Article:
spiritual, nationalistic splendor to the holidays and festivals. The Hebrew language and national songs echoed not only between the walls of the educational institution and the halls of the youth movements, but also in the streets of the city. The national vision and aspiration for actualization pulsated in the hearts.
Many of the graduates of the Tarbut School later filled important roles in life and carried them out in the best way possible. A few of these graduates, myself included, entered the field of Hebrew education. From this school, we went on to seminaries in Warsaw, Vilna and Grodno. After completing our studies, we dedicated ourselves to the education of the next generation in the Diaspora and later on in the Land (for those of us who succeeded in making aliya). As teachers and educators, we impart to our students the same positive values that we learned in the atmosphere of our town, the town of holy people, and in the atmosphere of our nationalistic Hebrew School where we learned the spirit of Torah, service and good deeds through the dedication of our own teachers. Above all, the aspiration for national actualization pulsated in Ruzhany during our day, and is our guiding light in our life path.
The immigrants arrived in the land, and those remaining in Ruzhany continued to live in the darkness of exile. The desire of the masses for aliya could not be actualized due to the locked gates. With no recourse, they continued to weave their Hebrew and national life to the extent possible in their town. However, the times changed progressively for the worse. Of all the cultural institutions in town, the Talmud Torah suffered particularly, since most of its students were from poor families. The teachers' council of this six-grade educational institution writes the following in its letter of the 14th of Adar, 5695 (1935).
To our dear, honorable townsfolk such as Mr. Abba Leviatan, warm greetings.
The times have changed. Other times have arrived. Until now, America sustained us, but today we turn to you, the Ruzhany natives in the Land of Israel. Of course you know about the terrible economic situation of the natives of our town, almost all of whom lack a source of livelihood. How worse is the situation of the Talmud Torah educational institution, where approximately 160 Jewish children study, the children of the poorest familles of our townsfolk. Our honorable trustee Mr. Alter Brzenicki, who made aliya, can describe our difficult situation to you with his own mouth. We have heard that you are conducting a collection on our behalf. Try to make it successful, for if not, our institution will be closed. The merit of the students studying Torah should stand in favor of all of those who are occupied in the provision of this assistance. May they enjoy long life, health, and livelihood. May it be G-d's will that we all come together speedily on soil of our Holy Land. Amen.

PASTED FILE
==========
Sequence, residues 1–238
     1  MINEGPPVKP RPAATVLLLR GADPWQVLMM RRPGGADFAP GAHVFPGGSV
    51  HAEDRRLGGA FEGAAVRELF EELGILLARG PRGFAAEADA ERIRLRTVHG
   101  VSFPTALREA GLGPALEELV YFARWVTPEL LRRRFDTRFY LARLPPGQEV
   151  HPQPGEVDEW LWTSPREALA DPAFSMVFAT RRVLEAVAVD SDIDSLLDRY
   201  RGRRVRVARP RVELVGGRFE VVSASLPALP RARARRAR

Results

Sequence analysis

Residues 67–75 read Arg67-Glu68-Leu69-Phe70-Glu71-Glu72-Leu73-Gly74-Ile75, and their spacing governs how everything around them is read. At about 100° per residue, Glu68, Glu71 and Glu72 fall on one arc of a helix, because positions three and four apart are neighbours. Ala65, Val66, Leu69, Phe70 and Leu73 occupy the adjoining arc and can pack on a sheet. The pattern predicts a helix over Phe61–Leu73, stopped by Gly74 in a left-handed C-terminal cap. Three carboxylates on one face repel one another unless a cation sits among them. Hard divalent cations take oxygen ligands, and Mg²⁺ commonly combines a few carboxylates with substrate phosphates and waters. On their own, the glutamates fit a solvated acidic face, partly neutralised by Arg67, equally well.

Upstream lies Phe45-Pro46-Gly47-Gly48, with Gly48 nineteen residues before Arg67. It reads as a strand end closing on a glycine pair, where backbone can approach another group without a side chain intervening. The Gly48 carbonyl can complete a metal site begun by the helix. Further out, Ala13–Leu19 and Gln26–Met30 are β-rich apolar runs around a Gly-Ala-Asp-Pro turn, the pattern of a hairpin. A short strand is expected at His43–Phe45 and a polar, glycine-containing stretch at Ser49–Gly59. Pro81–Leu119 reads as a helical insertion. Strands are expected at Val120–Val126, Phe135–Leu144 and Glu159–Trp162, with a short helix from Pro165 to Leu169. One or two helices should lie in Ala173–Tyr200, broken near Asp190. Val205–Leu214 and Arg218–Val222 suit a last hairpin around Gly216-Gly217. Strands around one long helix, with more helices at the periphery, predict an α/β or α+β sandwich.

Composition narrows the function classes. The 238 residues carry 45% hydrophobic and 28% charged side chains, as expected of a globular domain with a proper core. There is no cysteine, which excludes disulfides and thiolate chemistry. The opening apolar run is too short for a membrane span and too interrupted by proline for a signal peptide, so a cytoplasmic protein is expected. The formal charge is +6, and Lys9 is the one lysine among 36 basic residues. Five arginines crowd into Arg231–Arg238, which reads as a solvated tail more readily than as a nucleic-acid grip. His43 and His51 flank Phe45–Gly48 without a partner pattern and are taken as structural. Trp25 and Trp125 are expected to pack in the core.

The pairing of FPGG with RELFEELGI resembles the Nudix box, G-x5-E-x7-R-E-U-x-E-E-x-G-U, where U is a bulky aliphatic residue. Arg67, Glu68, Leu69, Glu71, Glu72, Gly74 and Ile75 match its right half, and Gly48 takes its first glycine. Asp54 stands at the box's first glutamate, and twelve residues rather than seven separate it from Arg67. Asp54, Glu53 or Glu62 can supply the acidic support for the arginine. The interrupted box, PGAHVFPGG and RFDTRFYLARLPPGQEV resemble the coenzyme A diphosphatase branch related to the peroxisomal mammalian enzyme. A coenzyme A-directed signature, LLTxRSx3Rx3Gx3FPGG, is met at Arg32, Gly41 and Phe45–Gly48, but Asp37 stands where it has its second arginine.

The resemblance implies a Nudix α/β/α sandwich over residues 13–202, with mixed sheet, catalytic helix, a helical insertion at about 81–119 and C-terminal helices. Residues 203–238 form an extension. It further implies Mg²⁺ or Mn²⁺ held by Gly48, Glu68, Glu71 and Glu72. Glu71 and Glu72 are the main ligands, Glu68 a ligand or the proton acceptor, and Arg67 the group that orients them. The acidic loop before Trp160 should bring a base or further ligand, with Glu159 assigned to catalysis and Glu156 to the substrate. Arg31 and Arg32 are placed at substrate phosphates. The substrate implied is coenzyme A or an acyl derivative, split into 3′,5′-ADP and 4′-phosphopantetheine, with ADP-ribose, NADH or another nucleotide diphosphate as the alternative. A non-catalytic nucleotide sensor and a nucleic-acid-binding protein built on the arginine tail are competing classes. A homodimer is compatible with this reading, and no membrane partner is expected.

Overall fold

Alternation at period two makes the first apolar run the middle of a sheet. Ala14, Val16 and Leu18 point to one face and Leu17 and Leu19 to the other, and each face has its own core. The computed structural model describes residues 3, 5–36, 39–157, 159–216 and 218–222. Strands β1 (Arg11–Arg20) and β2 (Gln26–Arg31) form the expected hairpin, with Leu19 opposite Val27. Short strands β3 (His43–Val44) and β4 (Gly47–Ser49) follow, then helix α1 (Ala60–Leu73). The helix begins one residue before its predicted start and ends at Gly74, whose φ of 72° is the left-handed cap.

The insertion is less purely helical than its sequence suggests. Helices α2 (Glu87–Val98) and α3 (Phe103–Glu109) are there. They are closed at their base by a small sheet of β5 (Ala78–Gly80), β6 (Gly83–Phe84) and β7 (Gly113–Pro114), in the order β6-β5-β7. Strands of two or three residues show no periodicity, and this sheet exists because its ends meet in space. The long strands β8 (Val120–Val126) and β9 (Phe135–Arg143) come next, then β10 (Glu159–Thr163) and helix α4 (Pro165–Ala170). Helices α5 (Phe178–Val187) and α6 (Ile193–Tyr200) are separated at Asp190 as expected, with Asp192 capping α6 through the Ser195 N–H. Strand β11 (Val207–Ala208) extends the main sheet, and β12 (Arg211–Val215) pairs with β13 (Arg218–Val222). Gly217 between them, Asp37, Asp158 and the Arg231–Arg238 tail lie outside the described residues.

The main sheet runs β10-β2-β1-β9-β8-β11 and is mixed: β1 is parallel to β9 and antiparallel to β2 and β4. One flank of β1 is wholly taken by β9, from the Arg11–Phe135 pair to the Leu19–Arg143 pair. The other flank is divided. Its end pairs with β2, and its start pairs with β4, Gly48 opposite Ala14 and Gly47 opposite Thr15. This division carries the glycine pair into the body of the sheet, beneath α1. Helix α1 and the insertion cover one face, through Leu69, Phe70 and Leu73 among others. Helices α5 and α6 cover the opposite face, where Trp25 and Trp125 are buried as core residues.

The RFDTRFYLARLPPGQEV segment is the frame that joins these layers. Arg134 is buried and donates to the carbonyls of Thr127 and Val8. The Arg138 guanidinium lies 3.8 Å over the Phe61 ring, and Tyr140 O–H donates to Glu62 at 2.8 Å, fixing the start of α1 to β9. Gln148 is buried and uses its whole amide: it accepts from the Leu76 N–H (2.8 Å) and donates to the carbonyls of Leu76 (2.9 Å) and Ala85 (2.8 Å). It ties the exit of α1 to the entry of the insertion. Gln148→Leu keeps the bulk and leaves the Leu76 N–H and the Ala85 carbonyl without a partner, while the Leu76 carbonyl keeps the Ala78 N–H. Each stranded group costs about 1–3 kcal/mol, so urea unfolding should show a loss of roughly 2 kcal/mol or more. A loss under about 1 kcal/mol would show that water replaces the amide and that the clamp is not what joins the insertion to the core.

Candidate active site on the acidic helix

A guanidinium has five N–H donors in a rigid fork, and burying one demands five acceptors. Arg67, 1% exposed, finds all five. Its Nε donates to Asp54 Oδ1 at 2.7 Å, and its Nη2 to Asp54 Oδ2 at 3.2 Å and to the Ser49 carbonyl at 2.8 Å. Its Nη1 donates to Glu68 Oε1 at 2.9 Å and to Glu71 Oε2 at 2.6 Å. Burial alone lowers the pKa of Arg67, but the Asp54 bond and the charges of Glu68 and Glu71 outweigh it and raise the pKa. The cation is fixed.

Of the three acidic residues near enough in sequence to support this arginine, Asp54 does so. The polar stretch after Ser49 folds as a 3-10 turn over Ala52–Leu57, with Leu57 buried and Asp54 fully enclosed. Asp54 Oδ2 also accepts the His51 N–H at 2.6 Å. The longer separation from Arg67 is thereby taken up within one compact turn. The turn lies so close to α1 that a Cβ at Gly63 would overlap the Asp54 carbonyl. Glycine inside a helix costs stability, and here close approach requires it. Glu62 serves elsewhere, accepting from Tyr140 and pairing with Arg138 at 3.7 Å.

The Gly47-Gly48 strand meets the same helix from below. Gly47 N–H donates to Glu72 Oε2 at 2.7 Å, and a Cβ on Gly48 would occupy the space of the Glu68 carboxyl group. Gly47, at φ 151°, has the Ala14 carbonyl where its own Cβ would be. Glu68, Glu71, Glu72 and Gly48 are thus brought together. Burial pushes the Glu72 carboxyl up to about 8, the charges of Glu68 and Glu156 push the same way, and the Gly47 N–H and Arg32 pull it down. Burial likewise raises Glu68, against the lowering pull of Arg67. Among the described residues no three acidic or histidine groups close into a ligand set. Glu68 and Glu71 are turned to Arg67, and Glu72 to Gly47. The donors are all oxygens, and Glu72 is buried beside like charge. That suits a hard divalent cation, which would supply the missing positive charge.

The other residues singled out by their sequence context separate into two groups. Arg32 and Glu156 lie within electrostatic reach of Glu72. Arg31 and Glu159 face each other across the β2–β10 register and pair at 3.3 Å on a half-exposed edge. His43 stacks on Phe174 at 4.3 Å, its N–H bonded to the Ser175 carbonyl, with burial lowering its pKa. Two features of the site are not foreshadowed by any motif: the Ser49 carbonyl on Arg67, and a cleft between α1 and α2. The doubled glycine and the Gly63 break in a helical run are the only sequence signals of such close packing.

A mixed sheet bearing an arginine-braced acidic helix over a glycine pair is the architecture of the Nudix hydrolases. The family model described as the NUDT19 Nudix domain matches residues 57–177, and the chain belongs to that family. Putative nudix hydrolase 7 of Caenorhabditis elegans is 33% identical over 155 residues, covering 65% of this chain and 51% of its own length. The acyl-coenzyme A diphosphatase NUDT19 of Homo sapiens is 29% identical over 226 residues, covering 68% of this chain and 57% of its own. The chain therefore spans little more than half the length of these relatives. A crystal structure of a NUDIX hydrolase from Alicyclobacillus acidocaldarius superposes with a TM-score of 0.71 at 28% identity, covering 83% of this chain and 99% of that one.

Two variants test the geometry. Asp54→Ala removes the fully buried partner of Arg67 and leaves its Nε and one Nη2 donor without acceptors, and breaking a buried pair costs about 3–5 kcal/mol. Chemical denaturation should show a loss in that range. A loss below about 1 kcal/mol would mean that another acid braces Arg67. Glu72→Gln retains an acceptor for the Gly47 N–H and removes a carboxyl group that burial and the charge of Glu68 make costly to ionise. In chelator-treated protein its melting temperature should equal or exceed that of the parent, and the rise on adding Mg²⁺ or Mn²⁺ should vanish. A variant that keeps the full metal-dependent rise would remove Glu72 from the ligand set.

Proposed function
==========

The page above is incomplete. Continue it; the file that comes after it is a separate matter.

With blessings of Zion,
The teachers' committee of the Talmud Torah of Ruzhany:
Eliezer Chaim Karelitz, Zelig Rizkin, Chaim Zerach Rotstein, Aharon Yaakov Pitkovsky.
In the name of the trustees: Meir Guber
The collection took place and a sum of money was sent, a portion of which was to provide support for the Talmud Torah, and another portion as an addition to the Maot Chittin fund.
Letters of thanks for the money that was sent from time to time from the Land to Ruzhany were received in 5695 and 5696. The final letter states:
The sum that was received from America, from the Land of Israel, and from here (that is, from the residents of Ruzhany themselves) was distributed (as Maot Chittin) among 197 needy familles, consisting of 692 individuals.
We are signing with feelings of honor and blessing; that our ears should hear and both our and your eyes should witness bountiful happiness and wealth, peace and contentment, and the building and broadening of our Holy Land. Let no more breaches and cries be heard from our holy areas. This is a prayer from your friends, and includes all of Israel.
David Miller studied in the Talmud Torah and Yeshiva of Ruzhany during his youth. Like all other Yeshiva students, he took his meals from the householders on a rotation basis. He always remembered this rotation. From the time he became wealthy in America (oil was discovered on his land), he would donate large sums of money to feed the Yeshiva students. In his will, he left a certain percentage of his yearly income for the Talmud Torah of Ruzhany. May his memory be blessed.